Turning Imagination into Innovation: Mapping Consumption
When we can track human consumption and related impact on the environment, how might we change our decisions and behaviors?
Research from the University of Maryland’s Department of Geographical Sciences (GEOG) is prominently featured in a new special issue of Yale’s Journal of Industrial Ecology titled “Linking Local Consumption and Global Impacts.” The publication examines the virtual shrinking of distances between places — arising because of trade, telecommunication and travel — and the widening gap between where products are made, where they’re used, and where the impacts occur.
The articles link consumption and/or production activities to a wide range of environmental impacts, including water, energy and land use; various pollutants; and economic and social indicators, such as child labor, social costs of carbon, and loss of human life.
“The focus is on ‘tele-connected systems,’” said GEOG Professor Klaus Hubacek, who served as lead guest editor for the special issue. “This is a concept from atmospheric sciences referring to climate phenomena being related to one another at large distances. Recently, this idea has been used to represent the strengthening of connectivity between distant locations and, at the same time, the growing physical separation between places of consumption and production.”
Highlights of the issue include:
- An assessment of the impacts of the 21st century Great Recession on income inequality and households’ carbon footprint.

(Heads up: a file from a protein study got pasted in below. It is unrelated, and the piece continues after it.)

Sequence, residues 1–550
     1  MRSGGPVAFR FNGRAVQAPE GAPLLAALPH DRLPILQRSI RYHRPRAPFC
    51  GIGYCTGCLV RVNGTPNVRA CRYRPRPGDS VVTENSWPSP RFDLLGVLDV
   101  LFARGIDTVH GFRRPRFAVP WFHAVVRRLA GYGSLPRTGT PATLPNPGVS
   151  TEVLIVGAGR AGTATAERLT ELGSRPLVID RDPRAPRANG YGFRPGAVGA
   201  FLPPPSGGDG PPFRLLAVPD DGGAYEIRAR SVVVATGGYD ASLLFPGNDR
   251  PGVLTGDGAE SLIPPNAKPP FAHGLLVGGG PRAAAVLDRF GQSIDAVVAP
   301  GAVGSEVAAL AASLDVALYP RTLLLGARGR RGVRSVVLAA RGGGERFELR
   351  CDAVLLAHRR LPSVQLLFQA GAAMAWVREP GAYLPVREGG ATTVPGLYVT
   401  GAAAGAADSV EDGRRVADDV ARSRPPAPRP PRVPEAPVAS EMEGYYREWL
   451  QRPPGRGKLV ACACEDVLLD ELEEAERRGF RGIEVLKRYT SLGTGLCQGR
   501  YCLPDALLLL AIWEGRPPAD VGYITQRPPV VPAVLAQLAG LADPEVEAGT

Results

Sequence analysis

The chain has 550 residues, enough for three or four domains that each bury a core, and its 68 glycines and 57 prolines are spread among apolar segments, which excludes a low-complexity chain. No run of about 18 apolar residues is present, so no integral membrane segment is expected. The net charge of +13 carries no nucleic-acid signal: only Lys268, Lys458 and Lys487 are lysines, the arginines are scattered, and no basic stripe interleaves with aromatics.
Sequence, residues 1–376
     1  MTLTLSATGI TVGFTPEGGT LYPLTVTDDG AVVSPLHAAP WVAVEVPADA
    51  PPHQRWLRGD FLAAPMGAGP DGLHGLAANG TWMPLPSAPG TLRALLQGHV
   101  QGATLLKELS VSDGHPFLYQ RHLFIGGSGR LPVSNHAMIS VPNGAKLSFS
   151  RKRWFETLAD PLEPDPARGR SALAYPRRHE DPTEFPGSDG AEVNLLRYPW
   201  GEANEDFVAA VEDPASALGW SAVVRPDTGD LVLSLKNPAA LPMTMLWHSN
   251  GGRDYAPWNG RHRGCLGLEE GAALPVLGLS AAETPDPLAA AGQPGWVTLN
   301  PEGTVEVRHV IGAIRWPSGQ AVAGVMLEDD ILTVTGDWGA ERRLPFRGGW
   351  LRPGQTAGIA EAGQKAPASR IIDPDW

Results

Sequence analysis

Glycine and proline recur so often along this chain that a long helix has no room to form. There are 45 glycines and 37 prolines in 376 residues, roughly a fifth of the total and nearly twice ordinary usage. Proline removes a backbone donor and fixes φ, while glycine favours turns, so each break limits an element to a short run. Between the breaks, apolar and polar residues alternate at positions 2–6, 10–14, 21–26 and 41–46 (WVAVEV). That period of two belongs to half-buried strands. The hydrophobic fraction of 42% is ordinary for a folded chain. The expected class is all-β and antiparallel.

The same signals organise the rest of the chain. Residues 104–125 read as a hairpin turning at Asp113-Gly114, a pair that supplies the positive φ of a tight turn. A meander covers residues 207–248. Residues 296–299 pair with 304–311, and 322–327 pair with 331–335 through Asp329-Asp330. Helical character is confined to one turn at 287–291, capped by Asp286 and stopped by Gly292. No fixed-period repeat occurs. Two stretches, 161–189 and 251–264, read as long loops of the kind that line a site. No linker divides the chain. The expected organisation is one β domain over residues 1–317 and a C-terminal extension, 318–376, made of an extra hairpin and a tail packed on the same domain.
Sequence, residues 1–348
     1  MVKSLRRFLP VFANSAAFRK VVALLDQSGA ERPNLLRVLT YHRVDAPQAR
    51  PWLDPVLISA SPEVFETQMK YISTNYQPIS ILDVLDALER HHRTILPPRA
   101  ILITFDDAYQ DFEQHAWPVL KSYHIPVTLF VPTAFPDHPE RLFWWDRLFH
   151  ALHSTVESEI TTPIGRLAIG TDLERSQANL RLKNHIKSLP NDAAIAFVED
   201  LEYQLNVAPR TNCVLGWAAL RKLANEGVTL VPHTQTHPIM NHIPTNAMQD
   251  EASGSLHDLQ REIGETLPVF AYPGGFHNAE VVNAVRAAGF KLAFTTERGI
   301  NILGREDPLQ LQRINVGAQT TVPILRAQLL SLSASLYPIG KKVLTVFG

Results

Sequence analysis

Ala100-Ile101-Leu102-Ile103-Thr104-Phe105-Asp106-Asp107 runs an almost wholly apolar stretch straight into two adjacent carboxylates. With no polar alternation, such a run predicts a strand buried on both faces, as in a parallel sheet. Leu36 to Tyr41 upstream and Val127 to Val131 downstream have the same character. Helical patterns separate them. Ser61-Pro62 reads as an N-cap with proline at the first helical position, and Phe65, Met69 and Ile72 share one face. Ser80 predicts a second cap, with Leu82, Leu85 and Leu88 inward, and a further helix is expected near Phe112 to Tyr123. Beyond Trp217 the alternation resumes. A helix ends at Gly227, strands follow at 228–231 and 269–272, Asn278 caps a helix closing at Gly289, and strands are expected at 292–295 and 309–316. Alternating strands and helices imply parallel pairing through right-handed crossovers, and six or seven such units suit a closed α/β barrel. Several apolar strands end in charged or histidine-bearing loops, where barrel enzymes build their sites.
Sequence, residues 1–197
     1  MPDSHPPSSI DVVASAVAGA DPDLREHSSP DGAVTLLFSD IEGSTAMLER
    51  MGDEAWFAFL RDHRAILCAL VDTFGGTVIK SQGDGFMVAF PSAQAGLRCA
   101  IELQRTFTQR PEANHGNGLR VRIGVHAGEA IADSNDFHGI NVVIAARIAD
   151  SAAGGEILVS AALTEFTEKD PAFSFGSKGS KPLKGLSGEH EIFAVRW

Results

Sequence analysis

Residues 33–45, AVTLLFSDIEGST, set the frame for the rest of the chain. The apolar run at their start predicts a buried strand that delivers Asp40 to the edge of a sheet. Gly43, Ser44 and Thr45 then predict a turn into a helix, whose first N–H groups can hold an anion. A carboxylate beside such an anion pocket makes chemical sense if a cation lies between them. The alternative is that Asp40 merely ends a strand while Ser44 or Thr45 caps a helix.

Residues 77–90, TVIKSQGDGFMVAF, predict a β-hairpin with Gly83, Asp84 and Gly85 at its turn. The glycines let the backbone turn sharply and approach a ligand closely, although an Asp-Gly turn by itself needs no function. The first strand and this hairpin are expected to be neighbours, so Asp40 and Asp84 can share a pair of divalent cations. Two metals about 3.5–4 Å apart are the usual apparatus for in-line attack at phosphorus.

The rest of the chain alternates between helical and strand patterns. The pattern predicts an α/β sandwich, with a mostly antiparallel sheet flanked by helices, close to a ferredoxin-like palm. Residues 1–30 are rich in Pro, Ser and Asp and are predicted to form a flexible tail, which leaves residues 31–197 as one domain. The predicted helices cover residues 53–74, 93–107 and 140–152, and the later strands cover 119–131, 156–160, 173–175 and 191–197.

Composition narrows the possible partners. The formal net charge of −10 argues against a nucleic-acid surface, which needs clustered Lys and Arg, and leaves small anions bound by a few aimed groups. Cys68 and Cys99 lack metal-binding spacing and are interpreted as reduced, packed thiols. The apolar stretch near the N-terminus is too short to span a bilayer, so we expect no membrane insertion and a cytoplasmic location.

- An examination of the global implications of China’s future food demand
- Tracking of water footprints at the micro- and meso-scale through combining MRIO (multiregional input output analysis) and geographical information system (GIS)
- An assessment of child labor’s role in Indian production and global consumption
- A look at the unequal carbon exchanges of iconic U.S. consumption items
- Discussion on the role of trade openness in the context of climate-change mitigation
- An analysis of households’ direct and indirect material, water, and land use requirements and GHG emissions
- Research that links a consumer expenditure survey to a global MRIO database to assess the carbon footprint for different household categories
- A global framework for reconciling top-down with bottom-up approaches for identifying and evaluating the effectiveness of different scenarios about the future